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New Group Celebrates Native Americans at W&L The Native American Cohort, which was created by faculty and staff with native heritage, aims to illuminate Native American history and culture, beginning with special events for Native American Heritage Month in November.

“Showcasing some of the talent and the work that native people are doing will give students an idea that this is a living, breathing, dynamic community that has a lot to offer.”

~ Professor Deborah Miranda

The stories of Virginia’s native inhabitants, like those of Native Americans all over what is now the United States, have been obscured by factors such as colonialism, genocide, racism and time. As a result, the average American does not know enough about indigenous people, but a handful of staff and faculty with Native American heritage are working to address that at W&L.

They have formed a new group, the Native American Cohort, that aims to improve inclusivity at W&L, educate members of the university community, and shine a light on stories that have faded into the background of history, not only at W&L but across the country. To do that, the cohort will start by hosting a series of special events at the university for Native American Heritage Month in November.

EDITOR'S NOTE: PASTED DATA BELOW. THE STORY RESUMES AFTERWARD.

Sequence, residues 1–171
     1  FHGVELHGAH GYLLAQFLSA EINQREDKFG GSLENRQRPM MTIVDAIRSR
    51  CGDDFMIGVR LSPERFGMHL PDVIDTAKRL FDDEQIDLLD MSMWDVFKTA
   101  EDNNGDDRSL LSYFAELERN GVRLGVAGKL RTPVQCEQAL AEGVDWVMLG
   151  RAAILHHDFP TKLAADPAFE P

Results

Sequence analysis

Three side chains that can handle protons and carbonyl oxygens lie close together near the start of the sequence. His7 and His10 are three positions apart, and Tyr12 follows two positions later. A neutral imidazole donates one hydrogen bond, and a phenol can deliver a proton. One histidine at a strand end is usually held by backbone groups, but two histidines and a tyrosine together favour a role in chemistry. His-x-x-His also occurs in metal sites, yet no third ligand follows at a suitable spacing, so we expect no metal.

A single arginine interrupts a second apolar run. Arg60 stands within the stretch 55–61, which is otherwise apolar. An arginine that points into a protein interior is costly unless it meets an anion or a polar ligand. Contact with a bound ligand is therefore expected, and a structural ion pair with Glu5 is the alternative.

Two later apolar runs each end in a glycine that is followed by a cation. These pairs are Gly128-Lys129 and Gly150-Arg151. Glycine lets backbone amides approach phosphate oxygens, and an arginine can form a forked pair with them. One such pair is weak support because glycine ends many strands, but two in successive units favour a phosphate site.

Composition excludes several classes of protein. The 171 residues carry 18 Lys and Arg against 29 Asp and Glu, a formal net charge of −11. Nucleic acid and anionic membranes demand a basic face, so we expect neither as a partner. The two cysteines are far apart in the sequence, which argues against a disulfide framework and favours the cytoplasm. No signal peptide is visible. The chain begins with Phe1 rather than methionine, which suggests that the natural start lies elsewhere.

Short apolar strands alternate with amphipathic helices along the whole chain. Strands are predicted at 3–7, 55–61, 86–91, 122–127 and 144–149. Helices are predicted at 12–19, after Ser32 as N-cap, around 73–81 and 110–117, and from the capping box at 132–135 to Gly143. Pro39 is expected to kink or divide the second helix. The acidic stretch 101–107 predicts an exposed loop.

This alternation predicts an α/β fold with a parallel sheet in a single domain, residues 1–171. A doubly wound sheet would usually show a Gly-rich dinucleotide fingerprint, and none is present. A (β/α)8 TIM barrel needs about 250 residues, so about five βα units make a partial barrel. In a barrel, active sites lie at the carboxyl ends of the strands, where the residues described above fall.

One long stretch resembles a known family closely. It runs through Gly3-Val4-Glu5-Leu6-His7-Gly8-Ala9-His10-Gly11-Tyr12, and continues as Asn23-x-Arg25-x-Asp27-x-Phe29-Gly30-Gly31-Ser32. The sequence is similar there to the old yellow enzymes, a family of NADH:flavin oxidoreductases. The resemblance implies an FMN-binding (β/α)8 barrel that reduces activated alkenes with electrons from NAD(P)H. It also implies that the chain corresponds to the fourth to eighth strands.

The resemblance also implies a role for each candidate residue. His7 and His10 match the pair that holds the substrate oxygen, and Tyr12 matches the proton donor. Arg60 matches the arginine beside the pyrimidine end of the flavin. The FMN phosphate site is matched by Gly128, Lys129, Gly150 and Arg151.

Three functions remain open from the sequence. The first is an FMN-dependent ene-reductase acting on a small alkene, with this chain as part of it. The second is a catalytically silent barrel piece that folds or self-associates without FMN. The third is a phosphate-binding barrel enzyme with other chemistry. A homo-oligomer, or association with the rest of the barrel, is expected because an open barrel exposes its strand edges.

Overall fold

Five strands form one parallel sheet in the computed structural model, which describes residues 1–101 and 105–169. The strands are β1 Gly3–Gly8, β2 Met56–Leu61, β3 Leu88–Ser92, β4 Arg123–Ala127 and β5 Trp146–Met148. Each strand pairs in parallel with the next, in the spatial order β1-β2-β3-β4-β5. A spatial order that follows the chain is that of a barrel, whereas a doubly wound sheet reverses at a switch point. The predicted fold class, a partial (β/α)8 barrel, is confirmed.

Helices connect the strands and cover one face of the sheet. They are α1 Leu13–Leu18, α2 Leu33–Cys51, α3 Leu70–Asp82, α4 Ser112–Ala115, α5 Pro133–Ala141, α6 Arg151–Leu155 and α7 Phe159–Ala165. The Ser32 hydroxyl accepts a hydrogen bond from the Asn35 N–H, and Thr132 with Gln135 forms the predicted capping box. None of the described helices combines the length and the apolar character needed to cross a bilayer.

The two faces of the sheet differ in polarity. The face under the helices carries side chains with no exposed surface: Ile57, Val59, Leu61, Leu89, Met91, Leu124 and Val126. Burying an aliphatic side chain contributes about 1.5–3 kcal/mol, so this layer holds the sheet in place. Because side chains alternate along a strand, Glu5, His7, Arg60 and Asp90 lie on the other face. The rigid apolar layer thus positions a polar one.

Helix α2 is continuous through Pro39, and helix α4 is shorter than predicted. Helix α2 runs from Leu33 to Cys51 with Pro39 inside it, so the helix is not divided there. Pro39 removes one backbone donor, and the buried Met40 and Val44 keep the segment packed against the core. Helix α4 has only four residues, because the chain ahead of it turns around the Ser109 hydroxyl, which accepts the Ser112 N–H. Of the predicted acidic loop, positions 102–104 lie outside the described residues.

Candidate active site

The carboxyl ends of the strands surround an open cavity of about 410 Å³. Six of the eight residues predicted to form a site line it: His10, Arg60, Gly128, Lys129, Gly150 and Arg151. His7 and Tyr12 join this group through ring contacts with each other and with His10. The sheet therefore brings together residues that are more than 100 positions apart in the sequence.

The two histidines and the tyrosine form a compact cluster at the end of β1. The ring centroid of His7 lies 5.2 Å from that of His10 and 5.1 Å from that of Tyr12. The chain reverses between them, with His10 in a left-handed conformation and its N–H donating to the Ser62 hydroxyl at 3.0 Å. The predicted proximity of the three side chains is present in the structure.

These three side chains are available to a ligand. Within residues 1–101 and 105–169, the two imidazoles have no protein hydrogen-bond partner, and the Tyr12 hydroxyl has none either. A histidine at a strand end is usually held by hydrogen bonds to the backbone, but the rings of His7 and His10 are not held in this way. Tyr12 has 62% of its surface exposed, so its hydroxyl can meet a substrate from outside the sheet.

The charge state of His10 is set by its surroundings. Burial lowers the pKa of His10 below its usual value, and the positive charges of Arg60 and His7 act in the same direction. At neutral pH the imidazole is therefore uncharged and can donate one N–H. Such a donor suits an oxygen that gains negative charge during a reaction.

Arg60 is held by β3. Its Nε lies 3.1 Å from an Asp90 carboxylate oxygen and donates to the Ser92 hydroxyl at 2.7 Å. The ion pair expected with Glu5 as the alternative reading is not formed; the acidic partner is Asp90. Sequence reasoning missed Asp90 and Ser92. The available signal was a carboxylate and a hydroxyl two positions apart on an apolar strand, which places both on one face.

“Our hope is to show that native people are still here and that we are still contributing,” said Deborah Miranda, the Thomas H. Broadus Professor of English at W&L and a descendent of the Esselen and Chumash tribes. “Showcasing some of the talent and the work that native people are doing will give students an idea that this is a living, breathing, dynamic community that has a lot to offer.”

Miranda, who has spent most of her life researching, teaching and creating Native American literature, is one of the founding members of the cohort. The other founding members are Special Events Coordinator Kelly Fujiwara, who is of Miwok descent, and Jessica Wager, executive assistant to the provost and a woman of Muskogee (Creek) descent. Current members include Lynn Rainville, director of institutional history at W&L; Susan Wager, Jessica’s mother and assistant director of the Lenfest Center; Fran Elrod, associate director of the Shepherd Program, who has familial ties to the Navajo Nation; Associate Professor of Anthropology Harvey Markowitz; and John C. Winfrey Professor of Economics Joseph Guse. Markowitz’s research interests include American Indian religions, culture and identities. He and Guse have co-taught a Spring Term course about the Lakota people.